“In a December, 2019 pleading, T-Mobile stated that its ‘service to existing Sprint CDMA and LTE customers will be maintained until they are migrated to the New T-Mobile network as customers of New T-Mobile or Dish,'” the ruling said. “Emphasizing the three-year duration of the migration period (‘That’s why we’ve always said it’s a three-year integration program’), T-Mobile pledged ‘to make sure that no Sprint customer during that migration process, be they a Boost customer or a Sprint customer… suffers anything approaching a degraded experience.”
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Technology Summary of findings
The CPUC commissioner and administrative law judge’s ruling summarized T-Mobile’s false and misleading statements as follows:
Specifically, 1) T-Mobile previously represented that it would not need PCS spectrum for its 5G build-out and the 800 MHz spectrum would be used for CDMA service for Boost customers but now indicates a significant need for PCS spectrum for both CDMA service and its 5G build-out, 2) T-Mobile generally stated that the MVNO agreement with Dish would have no adverse impact on T-Mobile’s existing and 5G networks but now claims that maintaining the CDMA network would delay the 5G build-out, and 3) T-Mobile previously stated that service would be maintained for Boost customers until migration was completed during the migration period (2020-2023), but now contends that it cannot delay its planned shutdown of its CDMA network on January 1, 2022, which could impair the service of customers who have not yet migrated to Dish’s LTE or 5G service.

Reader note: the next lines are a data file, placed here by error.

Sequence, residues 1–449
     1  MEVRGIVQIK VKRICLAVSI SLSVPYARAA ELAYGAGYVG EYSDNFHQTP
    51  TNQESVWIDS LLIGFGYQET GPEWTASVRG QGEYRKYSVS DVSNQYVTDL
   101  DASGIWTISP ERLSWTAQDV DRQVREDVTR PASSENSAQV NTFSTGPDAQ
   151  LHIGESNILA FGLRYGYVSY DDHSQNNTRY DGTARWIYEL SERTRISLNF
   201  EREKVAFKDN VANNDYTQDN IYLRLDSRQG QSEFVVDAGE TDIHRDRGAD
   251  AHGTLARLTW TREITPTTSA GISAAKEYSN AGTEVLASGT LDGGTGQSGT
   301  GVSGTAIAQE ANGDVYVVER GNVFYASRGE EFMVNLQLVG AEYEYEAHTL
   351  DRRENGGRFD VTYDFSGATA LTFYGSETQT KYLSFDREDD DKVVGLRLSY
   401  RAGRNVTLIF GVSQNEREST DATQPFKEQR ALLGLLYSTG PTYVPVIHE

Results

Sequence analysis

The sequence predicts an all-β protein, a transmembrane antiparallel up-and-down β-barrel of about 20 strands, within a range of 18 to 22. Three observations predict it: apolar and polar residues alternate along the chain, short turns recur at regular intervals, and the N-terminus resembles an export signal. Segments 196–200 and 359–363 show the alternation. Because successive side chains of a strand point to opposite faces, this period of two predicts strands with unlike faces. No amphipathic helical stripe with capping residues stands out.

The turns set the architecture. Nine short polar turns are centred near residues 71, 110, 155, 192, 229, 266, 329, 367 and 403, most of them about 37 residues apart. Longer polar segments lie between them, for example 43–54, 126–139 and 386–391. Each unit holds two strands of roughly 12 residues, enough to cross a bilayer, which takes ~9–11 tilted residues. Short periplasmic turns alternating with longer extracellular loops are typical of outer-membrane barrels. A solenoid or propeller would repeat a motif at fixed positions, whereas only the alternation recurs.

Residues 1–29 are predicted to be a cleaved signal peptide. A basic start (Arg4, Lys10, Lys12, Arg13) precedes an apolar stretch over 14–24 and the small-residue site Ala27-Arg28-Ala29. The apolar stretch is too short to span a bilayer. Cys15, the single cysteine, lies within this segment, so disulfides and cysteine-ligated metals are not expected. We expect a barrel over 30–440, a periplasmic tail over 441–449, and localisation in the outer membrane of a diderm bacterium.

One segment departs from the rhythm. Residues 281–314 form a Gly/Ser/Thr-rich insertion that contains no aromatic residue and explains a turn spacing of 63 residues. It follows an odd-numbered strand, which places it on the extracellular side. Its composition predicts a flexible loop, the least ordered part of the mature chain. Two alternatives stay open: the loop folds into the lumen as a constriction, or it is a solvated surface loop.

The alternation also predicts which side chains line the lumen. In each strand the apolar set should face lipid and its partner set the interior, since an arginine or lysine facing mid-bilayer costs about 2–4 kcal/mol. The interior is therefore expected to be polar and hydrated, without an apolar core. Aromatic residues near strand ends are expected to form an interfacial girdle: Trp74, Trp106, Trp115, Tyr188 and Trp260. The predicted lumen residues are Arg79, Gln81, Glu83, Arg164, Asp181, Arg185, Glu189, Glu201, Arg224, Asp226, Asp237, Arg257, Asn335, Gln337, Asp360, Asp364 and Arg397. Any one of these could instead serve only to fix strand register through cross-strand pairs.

Technology Department of Justice has “grave concerns”
The US Department of Justice said in a letter to both Dish and T-Mobile on July 9 that it has “grave concerns about the potential for a nationwide CDMA shutdown to leave a substantial proportion of Boost’s customers without service.” The DOJ said that either or both companies could potentially violate the merger agreement “if the network shutdown strands a substantial proportion of Boost customers, particularly if either or both parties have not taken all appropriate steps to affirmatively alleviate any such harms in the leadup to implementing the network shutdown.”
While T-Mobile is forbidden from “impeding Boost’s customer relationships, rejecting their lawful traffic, and unreasonably frustrating Dish’s use of T-Mobile’s networks,” Dish is required “to pursue all available avenues to prevent a widespread loss of services to the customers,” the DOJ said.